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Another check valve, monoprop testing, tube vehicle checkout

Another Check Valve

July 23 and 27, 2002 Meeting Notes

 

Another Check Valve

 

We continued to have odd problems on the test stand, and they were traced to the brand new check valve falling apart just like the previous one.  They were both of a similar design, with a Teflon retainer threaded inside after a ball and spring.  We don’t know if the peroxide fumes are somehow weakening the plastic threads, or if there is a vibration issue causing them to unthread, but we have changed to a different style of check valve that consists of two metal sections threaded together.

 

The bench test engine we have been using was the one with the low compression catalyst pack with slightly fewer screens than our normal packing for the 2” engines.  This always felt a little marginal, so in an attempt to remove more of the uncertainty from our biprop testing, we added more screens to bring it up to our normal level (64 silvers, 50 stainless), and re-pressed it to our standard level of 1500 psi indicated (about 3000 pounds).  I probably should have just compressed it to fit, because we know that recompressing a pack after it has been fired will shorten it a lot more than the original compression, and it did not completely fill the pack.  I added a couple more screens, but it was still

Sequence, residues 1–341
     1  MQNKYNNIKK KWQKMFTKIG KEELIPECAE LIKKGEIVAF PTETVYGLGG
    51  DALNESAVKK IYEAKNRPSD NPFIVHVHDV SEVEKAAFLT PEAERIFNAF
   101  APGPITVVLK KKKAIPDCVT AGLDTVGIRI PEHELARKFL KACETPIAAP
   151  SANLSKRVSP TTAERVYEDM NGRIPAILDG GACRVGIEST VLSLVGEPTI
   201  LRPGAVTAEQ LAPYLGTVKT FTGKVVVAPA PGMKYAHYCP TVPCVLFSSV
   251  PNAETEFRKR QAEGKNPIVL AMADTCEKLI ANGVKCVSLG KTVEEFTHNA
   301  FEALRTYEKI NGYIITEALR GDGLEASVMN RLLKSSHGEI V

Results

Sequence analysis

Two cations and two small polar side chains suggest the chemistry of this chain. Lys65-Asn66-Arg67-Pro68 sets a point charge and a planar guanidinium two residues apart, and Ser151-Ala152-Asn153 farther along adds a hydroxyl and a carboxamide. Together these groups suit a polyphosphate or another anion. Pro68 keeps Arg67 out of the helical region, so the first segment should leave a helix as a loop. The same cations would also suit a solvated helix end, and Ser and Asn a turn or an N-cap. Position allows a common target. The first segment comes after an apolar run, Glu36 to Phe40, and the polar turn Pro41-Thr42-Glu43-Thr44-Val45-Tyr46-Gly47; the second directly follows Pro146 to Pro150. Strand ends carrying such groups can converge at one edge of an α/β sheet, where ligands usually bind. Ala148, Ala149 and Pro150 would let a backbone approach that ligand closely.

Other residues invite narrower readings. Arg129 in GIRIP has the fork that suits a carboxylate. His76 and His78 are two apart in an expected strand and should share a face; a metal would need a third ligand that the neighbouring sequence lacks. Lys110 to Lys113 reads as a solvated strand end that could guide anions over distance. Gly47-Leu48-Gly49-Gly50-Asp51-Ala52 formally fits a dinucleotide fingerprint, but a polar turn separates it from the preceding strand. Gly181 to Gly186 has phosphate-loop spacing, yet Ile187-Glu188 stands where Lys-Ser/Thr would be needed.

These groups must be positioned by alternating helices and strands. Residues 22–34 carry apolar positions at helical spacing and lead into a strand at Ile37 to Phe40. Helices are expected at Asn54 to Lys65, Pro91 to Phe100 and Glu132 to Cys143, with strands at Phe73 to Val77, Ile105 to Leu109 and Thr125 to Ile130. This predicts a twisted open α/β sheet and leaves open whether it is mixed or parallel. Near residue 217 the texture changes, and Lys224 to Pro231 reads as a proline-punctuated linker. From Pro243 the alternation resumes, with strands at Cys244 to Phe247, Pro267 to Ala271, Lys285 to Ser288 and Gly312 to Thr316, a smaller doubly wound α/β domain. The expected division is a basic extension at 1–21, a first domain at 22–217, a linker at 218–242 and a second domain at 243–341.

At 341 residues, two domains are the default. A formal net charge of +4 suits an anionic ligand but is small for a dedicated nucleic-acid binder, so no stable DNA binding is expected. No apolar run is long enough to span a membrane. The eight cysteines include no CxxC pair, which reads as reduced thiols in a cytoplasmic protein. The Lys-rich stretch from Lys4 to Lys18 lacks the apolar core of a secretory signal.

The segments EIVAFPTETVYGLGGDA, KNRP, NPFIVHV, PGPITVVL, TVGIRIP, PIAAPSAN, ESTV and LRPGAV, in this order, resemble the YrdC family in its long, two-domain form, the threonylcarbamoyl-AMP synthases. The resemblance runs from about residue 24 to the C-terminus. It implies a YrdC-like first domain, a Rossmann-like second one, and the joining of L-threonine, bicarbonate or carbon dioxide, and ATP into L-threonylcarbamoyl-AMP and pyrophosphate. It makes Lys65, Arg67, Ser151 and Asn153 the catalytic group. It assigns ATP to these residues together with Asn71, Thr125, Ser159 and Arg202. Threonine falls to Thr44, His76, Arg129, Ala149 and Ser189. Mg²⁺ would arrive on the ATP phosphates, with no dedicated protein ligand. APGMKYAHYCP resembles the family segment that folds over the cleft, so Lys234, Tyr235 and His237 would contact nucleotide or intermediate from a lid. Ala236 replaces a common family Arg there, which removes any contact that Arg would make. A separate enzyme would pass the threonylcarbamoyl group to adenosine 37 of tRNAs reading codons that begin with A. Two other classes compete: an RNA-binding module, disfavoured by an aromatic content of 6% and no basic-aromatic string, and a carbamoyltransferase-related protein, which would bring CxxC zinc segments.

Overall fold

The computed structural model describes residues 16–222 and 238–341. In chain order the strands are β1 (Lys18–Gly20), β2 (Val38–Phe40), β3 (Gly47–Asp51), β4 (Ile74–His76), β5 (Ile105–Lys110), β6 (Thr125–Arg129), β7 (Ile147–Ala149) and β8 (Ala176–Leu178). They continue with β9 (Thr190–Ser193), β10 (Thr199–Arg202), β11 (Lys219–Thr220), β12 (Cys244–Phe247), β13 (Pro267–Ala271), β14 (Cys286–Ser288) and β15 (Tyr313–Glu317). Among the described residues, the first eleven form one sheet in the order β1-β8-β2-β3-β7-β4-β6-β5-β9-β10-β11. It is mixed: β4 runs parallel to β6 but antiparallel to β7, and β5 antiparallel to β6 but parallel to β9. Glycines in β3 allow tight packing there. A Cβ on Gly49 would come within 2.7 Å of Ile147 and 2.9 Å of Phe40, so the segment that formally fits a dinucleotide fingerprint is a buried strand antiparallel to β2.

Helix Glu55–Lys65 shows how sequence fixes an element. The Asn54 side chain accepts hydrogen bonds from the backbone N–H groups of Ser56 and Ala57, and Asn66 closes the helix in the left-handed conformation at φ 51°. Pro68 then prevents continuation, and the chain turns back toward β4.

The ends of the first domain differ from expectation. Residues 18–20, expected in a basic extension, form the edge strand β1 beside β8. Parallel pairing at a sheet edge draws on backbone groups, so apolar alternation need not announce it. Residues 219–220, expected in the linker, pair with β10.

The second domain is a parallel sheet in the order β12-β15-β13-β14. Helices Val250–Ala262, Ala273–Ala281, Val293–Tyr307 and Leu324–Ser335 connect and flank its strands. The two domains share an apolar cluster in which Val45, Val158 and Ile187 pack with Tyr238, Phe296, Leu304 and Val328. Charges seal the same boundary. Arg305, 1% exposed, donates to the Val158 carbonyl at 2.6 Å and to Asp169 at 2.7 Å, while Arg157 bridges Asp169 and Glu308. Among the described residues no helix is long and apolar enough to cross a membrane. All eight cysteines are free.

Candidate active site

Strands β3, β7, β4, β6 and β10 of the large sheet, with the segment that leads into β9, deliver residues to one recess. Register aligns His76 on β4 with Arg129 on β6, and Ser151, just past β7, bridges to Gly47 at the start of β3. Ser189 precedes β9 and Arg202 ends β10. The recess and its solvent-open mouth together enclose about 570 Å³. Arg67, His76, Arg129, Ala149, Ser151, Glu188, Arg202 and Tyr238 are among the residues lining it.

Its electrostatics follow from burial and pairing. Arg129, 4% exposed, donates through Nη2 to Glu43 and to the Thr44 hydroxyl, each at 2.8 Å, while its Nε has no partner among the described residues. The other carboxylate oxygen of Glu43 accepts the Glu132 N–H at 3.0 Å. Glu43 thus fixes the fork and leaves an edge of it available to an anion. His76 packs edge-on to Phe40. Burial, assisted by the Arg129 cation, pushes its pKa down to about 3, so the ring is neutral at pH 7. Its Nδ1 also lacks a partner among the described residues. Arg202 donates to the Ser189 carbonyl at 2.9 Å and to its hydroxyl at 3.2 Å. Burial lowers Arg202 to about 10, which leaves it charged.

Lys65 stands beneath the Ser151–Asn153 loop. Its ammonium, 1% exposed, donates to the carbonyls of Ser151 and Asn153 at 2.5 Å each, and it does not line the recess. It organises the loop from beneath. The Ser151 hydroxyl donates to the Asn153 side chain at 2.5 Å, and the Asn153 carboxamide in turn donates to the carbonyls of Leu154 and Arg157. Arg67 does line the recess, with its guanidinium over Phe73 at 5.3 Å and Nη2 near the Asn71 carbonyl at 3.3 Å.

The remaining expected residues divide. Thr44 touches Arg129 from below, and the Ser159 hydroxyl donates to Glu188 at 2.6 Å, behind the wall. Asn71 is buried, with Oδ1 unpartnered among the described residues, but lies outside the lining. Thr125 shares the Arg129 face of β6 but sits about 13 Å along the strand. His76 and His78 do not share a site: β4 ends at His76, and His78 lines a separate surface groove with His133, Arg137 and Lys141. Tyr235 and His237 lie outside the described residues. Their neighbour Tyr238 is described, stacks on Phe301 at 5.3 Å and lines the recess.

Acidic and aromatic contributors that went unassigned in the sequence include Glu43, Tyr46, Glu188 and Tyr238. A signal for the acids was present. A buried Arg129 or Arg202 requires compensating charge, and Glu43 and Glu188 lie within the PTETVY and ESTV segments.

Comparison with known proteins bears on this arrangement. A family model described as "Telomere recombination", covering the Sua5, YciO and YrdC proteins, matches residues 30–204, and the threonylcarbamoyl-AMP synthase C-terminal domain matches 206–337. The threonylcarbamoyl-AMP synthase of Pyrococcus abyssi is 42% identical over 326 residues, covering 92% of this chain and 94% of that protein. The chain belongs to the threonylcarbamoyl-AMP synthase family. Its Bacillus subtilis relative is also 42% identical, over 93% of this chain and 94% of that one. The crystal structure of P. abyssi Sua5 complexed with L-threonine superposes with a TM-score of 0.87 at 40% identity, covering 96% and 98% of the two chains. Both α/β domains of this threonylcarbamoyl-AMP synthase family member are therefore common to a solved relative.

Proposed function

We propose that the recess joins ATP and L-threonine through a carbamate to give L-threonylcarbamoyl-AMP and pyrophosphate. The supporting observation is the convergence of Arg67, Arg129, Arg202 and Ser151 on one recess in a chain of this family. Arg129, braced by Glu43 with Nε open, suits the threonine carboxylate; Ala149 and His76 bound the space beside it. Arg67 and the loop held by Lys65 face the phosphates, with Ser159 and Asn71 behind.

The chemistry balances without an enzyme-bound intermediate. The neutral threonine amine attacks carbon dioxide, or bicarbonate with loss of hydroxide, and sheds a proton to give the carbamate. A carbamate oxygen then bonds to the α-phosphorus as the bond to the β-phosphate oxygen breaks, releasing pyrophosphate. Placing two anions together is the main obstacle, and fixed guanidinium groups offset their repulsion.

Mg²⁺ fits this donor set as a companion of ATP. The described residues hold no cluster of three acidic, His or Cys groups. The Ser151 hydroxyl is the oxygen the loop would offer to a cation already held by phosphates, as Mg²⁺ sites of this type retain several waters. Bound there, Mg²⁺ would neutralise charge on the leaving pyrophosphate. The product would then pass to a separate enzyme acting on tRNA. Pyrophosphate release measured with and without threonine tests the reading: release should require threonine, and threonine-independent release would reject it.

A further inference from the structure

It was yet another day of uncertain results with ethae burning, getting two rich looking burns with 0.060 peroxide and 0.55 ethane jets, but they were not repeatable.  The annular injector ring does not atomize kerosene very well, so we have been struggling to make the ethane reliable, but we will probably make a new kerosene injector soon.  We replumbed the kerosene tank so the sight glass doesn’t connect at an area of high flow, and added a separate pressure gauge for that tank.  We should have the radiatively cooled nozzle next week, so we will give the ethane one more try with that, hoping that the hot wall helps ignition.